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  • Writer's pictureJonathan.Crabtree

Thirty-five and alive: a theological reflection on the past year and upcoming one

Today, 17 January, is my birthday, and I’m happy to share it with the BBC Breakfast show and the late Betty White. I’m also happy to see another year and reflect upon last year while looking ahead to the upcoming one. To celebrate, I’d like to share five things I’ve learned about myself in the last year and five things I’m looking forward to developing in the next year.


1. I’m not as young as I once was, but I’m not as old as I feel or think I am. There are many times I feel my ‘age’ when I sit up at five in the morning, crack my back, and slip on my house shoes as I navigate the dark corridor on my way to make a cup of coffee. Yet, I feel more alive at 5 am than at any other time of the day. It’s my time. The world seems quiet, still, sombre, in solitude, and I like it. On the other hand, I’m finding now that I need a ten minute power nap and a cup of tea right after lunch, so there’s that. My body is aging, as it should be, and that’s ok. I’m not as old as I feel or think I am, either, because I feel like my mind is becoming sharper than ever. I have always been an average student, never feeling like I knew a lot, or even feeling quite clever. Yet, here I am cracking on with a PhD, and while I’m literally learning how to write a sentence, I’m finding myself recalling the most random of details in my research. To me, I feel encouraged by that because sometimes I forget why I’ve walked into the kitchen.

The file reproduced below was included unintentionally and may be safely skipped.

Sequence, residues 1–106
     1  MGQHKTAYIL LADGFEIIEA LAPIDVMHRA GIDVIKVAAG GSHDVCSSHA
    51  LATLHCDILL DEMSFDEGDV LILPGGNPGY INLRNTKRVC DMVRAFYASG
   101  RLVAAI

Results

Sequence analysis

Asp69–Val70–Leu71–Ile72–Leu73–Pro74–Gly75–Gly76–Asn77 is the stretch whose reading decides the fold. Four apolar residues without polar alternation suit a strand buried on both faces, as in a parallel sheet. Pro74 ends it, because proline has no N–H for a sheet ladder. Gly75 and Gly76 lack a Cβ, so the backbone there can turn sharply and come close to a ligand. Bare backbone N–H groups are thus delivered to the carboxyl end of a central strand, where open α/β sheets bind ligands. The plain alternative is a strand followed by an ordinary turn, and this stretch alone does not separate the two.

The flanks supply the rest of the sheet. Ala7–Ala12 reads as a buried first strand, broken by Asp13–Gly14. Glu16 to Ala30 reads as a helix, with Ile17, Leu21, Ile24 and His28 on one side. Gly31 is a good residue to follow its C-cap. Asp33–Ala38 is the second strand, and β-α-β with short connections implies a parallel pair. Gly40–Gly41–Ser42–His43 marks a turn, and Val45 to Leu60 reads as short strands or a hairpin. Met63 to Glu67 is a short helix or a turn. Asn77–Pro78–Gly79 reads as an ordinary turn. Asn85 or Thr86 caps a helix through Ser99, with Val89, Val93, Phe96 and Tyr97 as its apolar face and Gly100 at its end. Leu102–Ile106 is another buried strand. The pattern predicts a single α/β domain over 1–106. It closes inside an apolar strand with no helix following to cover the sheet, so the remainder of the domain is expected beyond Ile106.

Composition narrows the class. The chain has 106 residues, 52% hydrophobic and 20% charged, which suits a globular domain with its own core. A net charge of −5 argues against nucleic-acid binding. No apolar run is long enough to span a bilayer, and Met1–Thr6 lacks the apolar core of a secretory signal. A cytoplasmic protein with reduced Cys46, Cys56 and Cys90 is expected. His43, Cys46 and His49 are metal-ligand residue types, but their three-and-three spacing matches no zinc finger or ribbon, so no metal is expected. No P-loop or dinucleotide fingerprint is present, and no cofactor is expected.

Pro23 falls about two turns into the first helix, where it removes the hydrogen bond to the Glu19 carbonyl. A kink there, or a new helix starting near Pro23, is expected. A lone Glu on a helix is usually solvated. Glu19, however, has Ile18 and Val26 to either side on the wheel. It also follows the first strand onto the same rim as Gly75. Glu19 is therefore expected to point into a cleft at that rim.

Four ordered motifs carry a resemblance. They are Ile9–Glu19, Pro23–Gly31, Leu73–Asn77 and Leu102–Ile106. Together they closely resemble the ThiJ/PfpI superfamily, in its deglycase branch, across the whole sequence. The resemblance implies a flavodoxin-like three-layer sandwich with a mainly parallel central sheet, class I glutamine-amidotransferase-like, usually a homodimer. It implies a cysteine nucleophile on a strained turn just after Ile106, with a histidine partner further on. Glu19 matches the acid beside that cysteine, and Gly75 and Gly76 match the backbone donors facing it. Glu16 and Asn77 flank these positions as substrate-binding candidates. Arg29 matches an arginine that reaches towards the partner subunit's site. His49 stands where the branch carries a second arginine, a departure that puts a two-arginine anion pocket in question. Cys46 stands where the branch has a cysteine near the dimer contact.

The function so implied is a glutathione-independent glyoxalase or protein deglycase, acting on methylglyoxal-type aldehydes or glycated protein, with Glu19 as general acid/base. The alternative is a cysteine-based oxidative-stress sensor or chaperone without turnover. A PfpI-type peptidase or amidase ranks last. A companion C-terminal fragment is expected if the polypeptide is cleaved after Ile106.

2. I can do hard things. I can do hard things. I can do hard things. I have to tell myself this sentence quite often, not as an assertive statement of truth about myself, but I tell myself this so that I’ll believe it one day. Hard things are just that, and there’s no easy way for anything. Hard work pays off, and I know that. My parents always told me, ‘Work hard for what you want.’ The best things in my life, my marriage, parenting, ministry, exercise, PhD work, all require doing the hard things. It’s never easy, but it’s always worth it in the end.


3. I enjoy being by myself, but I appreciate the company of others. Every weekday, for over 40 hours, I am kept to myself, at the bottom of a quiet library. Sometimes there are others who join me, but I’m mostly to myself. I enjoy it. When I’m travelling to and from college or the pub, or wherever, I’m alone and in my thoughts. I’m mostly thinking about my PhD and how I need to read something else or write a sentence, or I simply try to ‘solve the puzzle,’ of my research. I enjoy my solitude, but I do like to be with others. I may not be the first to talk or initiate a conversation, but I enjoy the company of others. I do enjoy talking about my research because it helps me un-pack the complex details in my head. One thing I miss about full time ministry is one-to-one pastoral care visits with someone in the hospital or homebound. I may not have been a dynamic leader, charismatic preacher, or innovative entrepreneur who emanates inspiration, but I enjoyed preparing to teach/preach and pastoral care.


4. I want to be ‘there,’ in the resolution not here in the tension. Psalm 37 is the foundation and spring of inspiration for this line. Living in the present tension between the now and not yet is probably the bane of my existence, to be vivid. I want to be ‘there’ where no tension exists, but I know that’s not true. I want to have the ‘job’ that I work at for the remainder of my life. I want a sense of ‘settled-ness’ if that’s even a word. I’m here and that’s all I’ve got. I’ll crack on with reality because it’s what keeps me grounded anyways.